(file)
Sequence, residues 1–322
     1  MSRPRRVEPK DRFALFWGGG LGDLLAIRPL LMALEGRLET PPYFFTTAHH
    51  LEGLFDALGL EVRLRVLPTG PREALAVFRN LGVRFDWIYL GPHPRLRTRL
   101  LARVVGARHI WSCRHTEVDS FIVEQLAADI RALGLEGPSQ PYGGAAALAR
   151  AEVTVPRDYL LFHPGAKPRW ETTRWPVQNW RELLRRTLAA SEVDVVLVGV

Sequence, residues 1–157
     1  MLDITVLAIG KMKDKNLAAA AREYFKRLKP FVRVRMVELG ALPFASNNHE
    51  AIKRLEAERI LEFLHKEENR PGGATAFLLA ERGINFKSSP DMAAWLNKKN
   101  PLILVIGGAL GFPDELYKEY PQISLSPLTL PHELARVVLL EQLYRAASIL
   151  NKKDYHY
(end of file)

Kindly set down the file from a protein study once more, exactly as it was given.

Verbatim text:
Sequence, residues 1–322
     1  MSRPRRVEPK DRFALFWGGG LGDLLAIRPL LMALEGRLET PPYFFTTAHH
    51  LEGLFDALGL EVRLRVLPTG PREALAVFRN LGVRFDWIYL GPHPRLRTRL
   101  LARVVGARHI WSCRHTEVDS FIVEQLAADI RALGLEGPSQ PYGGAAALAR
   151  AEVTVPRDYL LFHPGAKPRW ETTRWPVQNW RELLRRTLAA SEVDVVLVGV

Sequence, residues 1–157
     1  MLDITVLAIG KMKDKNLAAA AREYFKRLKP FVRVRMVELG ALPFASNNHE
    51  AIKRLEAERI LEFLHKEENR PGGATAFLLA ERGINFKSSP DMAAWLNKKN
   101  PLILVIGGAL GFPDELYKEY PQISLSPLTL PHELARVVLL EQLYRAASIL
   151  NKKDYHY